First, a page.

F650 Aftermarket Pelican Luggage FAQ
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Last Updatedd: 11 June 2007, Winter #1935
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One of the more popular aftermarket modifications to the F650 model bikes is the addition of Pelicans - Pelican cases that is. There are many aftermarket commercial options for luggage, however the "Do It Yourself" luggage is becoming popular. Most often this includes the use of a commercial mounting bracket, and Pelican cases. In fact one of the commercial options (Caribou) uses Pelican cases. These sorts of cases are designed to be tough - and given the number of times we all seem to drop our bikes, the luggage needs to be tough.
This FAQ contains the "Do It Yourself" luggage for the F650. It contains examples of what others have done installing their own custom cases. However it is up to you how you install your own cases. the process is quite simple:
- Work out which mounting brackets to use (or build them)
- Work out which cases you will use
- Mount them however you please
This FAQ also contains other custom luggage installation suggestions and ideas. Most of all have fun building your own luggage!
Pelican Case Choice
Why use a Pelican case?
- They are very tough cases - you have seen the pictures of the car driving over the cases right?
- They are for the most part waterproof (until we put holes in them)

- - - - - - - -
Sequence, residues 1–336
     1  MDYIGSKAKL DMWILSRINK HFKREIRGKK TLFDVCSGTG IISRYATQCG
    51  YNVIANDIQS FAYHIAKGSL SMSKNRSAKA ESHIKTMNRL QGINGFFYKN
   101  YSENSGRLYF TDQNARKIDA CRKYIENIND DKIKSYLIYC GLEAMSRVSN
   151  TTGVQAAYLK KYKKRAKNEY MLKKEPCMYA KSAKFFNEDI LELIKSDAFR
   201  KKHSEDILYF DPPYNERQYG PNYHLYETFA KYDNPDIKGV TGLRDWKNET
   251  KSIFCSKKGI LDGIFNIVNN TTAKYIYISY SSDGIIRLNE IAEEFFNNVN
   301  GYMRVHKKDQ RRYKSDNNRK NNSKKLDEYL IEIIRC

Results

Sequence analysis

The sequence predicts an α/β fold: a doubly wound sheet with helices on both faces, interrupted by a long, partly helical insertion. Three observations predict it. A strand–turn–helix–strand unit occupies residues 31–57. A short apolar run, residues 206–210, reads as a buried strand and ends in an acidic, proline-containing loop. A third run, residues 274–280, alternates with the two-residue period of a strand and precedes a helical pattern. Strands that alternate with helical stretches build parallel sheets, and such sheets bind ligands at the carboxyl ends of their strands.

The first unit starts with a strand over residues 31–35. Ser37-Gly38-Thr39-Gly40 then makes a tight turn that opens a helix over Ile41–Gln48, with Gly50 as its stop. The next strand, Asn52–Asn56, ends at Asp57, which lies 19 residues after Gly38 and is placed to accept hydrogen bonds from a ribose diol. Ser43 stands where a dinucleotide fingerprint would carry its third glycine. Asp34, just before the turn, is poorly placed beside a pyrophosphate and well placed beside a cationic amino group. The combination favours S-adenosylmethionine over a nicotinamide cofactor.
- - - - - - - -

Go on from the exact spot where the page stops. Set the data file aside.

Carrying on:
- You can get new cases from most camera stores (or online if you want to pay less)
- They are lighter than most commercial panniers
- The satisfaction of making something yourself?
Can I use some other form of case?
- Yes you can - the same process applies. Other examples include ammunition boxes used by the military (remove ammunition before installation) or various other manufacturers of camera cases.
What are the downsides of these cases?
- Most cases are side opening
- They do not come with a funky locking mechanism - you have to use either a padlock or build your own locking mechanism
What size case should I use?
- Take a look through the pictures in this FAQ - different people have different preferences.
- Remember - the more space you add, the more excess cr*p you can and will take. This adds more weight.
- Most people opt for a Pelican 1400 or 1500 as a top box.
- Most people opt for a Pelican 1520 or larger for panniers.
- Visit any good camera store and they should have some on display. As a general guide, see the table below for volumes.
- Note: The top loader cases may be difficult to mount
|1430 (top loader)||14.9||?
|1440 (top loader)||33.5||?
Where can I find more information / purchase online?
What mounting brackets can I use?
Can I use different mounting brackets for the topbox and panniers?
Will I need to modify my mounting brackets?
Can I build my own mounting brackets?
Pelican Top Boxes
Classic: WillK's Topbox
GS: OldDave's 1500 Topbox
- Pelican case model 1500 - Yellow should be cooler than black for electronics and the extra visibility is a feature
- 48 inch 1/2 steel angle iron
- 48 inch 1/2 flat stock
- Many 6mm bolts, washers and elastic stop nuts
- Mount two brackets on the bike like this
- Measue and mount the brackets on the pelican case
- Make sure you do not stuff it up like this extra hole
- Install the two bolts allowing the top box to be flipped up
- Side view of the box
- Install some extra supports as shown here and install the bolts at the front.
- Your done!
- You can wire the box... Also wired the box. The wires are not the most out of the way, but I needed a flat accessible surface for the Powerlet bulkhead connector. When the laptop it charging there will usually be a dry bag in front of the box that will cover the wires.